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Comment: Re:Meanwhile... (Score 1) 283

Because a great many /. users rate comments according to their personal beliefs, not on the actual merit of the comment. Still others are are employed by interest groups to scour the internet and 'promote' their employers views by any means necessary, be that FUD or by down-voting opposing viewpoints.

+ - US Wind Power Is Expected to Double in the Next 5 Years

Submitted by merbs
merbs (2708203) writes "The US Department of Energy anticipates that the amount of electricity generated by wind power to more than double over the next five years. Right now, wind provides the nation with about 4.5 percent of its power. But an in-depth DOE report released today forecasts that number will rise to 10 percent by 2020—then 20 percent by 2030, and 35 percent by 2050."

+ - Homeopathy Turns Out To Be Useless For Treating Medical Conditions->

Submitted by MightyMartian
MightyMartian (840721) writes "It should prove to be no surprise for most rational people, but a group of Australian researchers have determined that homeopathy is completely useless at treating medical conditions. Researchers sifted through 1,800 research papers on homeopathy and found no reliable report that showed homeopathic remedies had any better results than placebos."
Link to Original Source

+ - New Solar Capacity Beats Coal and Wind, Again->

Submitted by Lucas123
Lucas123 (935744) writes "Solar energy installations beat both wind generated and coal-fired energy for the second year in a row, according to a new report from GTM Research. While solar only makes up about 1 percent of U.S. energy, in 2014, it added nearly as many new megawatts as natural gas, which is approaching coal as the country’s primary energy source. Solar capacity grew 32 percent from 2013 to 2014 and GTM is predicting it will grow 59% YoY this year. Just two years ago, in 2012, coal represented 41% of new energy capacity and solar only 10%. Last year, coal was down to 23% of new electrical capacity. Solar capacity growth last year represents a 12-fold increase over the amounts being installed in 2009. Key to solar adoption has been falling costs across market segments and states."
Link to Original Source

+ - The Worst Oil in the World: Where Crude Is Tarring the Climate

Submitted by merbs
merbs (2708203) writes "Not all oil is created equal. Depending on where it’s extracted, refined, and sold, some crude is much more poisonous to the climate. A team of energy researchers has unveiled an ambitious new accounting project that helps to detail oil’s true greenhouse gas emissions, and to pinpoint where the worst oil for the climate is being unearthed. So far, the leading offenders are Canada, China, Nigeria, Venezuela—and California."

Comment: Re:Alternate Bank of Canada Press Release (Score 1) 223

by Socguy (#49185229) Attached to: <em>Star Trek</em> Fans Told To Stop "Spocking" Canadian $5 Bill
I have personally experienced Telus, a major phone company in Canada, refusing cash payments of their bills due to the cost of handling the money. Also pennies (before rounding was introduced) were only valid currency up to about $2 here in Canada. I have no idea about the other coins but it wouldn't surprise me if there were similar regulations around them.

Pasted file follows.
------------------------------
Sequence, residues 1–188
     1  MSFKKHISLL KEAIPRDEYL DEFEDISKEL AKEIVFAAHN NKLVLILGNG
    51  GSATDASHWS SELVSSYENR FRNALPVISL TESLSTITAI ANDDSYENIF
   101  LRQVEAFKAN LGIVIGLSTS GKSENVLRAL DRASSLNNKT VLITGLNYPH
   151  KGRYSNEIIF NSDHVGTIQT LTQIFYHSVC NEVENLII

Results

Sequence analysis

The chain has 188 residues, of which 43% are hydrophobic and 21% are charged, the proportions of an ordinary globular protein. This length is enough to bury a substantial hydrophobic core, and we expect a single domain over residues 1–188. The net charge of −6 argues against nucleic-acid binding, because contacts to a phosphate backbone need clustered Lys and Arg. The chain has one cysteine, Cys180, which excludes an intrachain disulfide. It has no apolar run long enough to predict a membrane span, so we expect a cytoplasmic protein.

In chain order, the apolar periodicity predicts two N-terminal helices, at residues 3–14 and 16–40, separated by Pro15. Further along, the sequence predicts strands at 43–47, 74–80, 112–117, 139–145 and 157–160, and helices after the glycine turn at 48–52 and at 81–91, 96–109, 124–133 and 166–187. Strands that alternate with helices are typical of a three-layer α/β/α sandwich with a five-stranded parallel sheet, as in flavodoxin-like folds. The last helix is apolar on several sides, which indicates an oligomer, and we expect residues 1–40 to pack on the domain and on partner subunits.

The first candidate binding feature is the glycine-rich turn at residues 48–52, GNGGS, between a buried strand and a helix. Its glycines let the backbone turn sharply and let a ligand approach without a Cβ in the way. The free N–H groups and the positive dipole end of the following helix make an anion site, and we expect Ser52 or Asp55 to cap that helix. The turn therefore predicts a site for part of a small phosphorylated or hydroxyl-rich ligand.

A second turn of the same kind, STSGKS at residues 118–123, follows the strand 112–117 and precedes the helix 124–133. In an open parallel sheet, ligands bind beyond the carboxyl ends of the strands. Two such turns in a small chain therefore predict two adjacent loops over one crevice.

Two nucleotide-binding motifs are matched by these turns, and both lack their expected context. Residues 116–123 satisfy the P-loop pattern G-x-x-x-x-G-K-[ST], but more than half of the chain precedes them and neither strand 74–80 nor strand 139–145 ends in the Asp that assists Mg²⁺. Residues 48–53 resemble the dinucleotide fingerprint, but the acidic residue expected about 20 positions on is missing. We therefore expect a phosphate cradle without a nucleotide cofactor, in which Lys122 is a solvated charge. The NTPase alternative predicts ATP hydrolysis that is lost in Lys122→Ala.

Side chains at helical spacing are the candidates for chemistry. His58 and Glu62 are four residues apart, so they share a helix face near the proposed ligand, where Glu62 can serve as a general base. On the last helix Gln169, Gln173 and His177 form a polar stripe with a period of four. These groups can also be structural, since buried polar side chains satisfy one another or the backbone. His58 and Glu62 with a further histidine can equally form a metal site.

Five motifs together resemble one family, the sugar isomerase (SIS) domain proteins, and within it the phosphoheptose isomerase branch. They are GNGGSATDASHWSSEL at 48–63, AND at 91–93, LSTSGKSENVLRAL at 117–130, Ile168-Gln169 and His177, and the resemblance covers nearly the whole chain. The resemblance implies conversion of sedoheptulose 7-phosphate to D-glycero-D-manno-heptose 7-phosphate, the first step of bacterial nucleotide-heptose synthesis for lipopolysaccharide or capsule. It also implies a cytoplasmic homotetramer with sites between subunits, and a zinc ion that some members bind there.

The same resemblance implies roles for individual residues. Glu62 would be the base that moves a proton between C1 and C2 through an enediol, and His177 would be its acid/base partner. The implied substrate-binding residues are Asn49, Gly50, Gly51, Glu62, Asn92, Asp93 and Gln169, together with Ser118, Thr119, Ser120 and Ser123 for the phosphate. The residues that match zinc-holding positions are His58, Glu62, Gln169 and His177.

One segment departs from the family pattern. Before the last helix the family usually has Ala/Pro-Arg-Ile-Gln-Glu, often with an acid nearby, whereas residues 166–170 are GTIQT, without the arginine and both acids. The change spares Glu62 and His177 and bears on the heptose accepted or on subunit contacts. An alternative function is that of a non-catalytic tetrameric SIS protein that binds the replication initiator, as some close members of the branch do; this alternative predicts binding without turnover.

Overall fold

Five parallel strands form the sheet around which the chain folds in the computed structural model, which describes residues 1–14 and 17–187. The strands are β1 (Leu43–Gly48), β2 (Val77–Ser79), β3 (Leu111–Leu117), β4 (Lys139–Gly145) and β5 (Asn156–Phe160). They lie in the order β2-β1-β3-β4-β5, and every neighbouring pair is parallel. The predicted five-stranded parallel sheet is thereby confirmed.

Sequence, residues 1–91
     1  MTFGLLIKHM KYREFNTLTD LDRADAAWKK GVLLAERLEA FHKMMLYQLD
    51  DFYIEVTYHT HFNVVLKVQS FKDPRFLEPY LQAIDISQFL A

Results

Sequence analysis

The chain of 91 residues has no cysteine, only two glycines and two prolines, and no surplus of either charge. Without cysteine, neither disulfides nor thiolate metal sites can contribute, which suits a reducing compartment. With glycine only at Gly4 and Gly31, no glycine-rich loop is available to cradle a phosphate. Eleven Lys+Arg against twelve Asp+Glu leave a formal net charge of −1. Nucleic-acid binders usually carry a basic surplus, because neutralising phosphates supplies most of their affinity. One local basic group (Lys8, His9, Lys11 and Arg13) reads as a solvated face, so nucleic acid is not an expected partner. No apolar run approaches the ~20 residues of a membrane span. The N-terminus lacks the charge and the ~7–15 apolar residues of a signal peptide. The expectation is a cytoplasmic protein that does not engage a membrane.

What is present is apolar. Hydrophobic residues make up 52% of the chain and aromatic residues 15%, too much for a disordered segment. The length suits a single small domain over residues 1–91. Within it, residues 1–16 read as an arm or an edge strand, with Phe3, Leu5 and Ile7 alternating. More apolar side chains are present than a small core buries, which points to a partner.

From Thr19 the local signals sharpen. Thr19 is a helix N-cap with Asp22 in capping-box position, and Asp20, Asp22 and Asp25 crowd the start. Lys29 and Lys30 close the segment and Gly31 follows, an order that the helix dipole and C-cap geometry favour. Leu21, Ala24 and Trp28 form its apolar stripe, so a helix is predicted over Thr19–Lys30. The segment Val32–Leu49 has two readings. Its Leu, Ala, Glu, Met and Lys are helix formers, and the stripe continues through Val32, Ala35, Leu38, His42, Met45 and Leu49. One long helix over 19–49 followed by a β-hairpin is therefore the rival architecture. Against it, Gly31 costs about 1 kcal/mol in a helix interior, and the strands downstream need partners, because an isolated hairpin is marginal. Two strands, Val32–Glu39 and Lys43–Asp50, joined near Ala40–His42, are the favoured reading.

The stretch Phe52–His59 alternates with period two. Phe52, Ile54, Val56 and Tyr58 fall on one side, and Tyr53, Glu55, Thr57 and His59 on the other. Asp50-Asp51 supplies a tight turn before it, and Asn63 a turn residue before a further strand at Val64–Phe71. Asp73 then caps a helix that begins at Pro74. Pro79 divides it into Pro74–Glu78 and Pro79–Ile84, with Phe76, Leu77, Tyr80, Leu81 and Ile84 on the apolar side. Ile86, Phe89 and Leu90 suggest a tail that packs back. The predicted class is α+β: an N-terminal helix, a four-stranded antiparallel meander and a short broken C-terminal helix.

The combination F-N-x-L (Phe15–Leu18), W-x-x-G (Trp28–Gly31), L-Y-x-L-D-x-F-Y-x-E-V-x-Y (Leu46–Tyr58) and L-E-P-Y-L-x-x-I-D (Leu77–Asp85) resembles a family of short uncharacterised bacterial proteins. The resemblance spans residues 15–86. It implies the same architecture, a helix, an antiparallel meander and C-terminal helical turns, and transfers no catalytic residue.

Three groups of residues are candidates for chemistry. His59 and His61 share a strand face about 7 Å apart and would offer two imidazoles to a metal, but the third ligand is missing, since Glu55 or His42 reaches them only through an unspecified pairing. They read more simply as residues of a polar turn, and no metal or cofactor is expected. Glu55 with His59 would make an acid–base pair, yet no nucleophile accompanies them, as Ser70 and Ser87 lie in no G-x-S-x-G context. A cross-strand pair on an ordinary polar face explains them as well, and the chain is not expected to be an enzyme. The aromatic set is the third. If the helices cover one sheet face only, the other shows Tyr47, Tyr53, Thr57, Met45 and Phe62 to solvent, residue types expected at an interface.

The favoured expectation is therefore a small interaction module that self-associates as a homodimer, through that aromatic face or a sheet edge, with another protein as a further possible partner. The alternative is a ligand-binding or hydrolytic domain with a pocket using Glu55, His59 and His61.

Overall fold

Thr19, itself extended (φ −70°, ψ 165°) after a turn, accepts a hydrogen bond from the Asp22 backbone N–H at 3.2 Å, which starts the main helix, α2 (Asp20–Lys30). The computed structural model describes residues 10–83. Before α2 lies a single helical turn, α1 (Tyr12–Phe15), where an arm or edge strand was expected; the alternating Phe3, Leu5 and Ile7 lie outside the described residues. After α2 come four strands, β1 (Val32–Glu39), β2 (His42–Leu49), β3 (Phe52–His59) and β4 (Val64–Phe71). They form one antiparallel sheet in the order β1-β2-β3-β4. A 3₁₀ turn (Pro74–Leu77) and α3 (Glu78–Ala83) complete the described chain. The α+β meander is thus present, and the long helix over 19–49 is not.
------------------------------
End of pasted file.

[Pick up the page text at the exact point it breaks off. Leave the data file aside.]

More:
Comment: Re:Net metering is little more than theft (Score 1) 374

by Socguy (#49129923) Attached to: The Groups Behind Making Distributed Solar Power Harder To Adopt
Utility companies can raise their prices if they wish. Utility companies had the option to be innovative and pursue solar/wind lease agreements where they would own this generation capacity and it's resale would be more profitable. They chose to stick with the traditional model. This was their choice.

Comment: Re:Net metering is unstustainable (Score 0) 374

by Socguy (#49129801) Attached to: The Groups Behind Making Distributed Solar Power Harder To Adopt
In your model the power bill has 2 components: generation and delivery. You feel that it's fair for the customer to pay both. In the scenario where the homeowner is generating the power, it is the utility that is the customer therefore according to your logic it should be the utility that pays for the delivery of that power. If the homeowner pays delivery charges on the power they use, so too should the utility company on the power they use. Considering the power generation and consumption patterns of a typical home, perhaps the utility companies are not paying the homeowner enough delivery on the power generated...

Comment: Re:Realistic (Score 1) 374

by Socguy (#49129647) Attached to: The Groups Behind Making Distributed Solar Power Harder To Adopt
As the amount of variable supply power grows so to does the demand for storage of that power. The market will force utilities to adapt or die through deploying grid storage. The scenario you speak of is still decades away and we have the technology today to make this work. It will only get more cost effective as time goes by.

Old programmers never die, they just branch to a new address.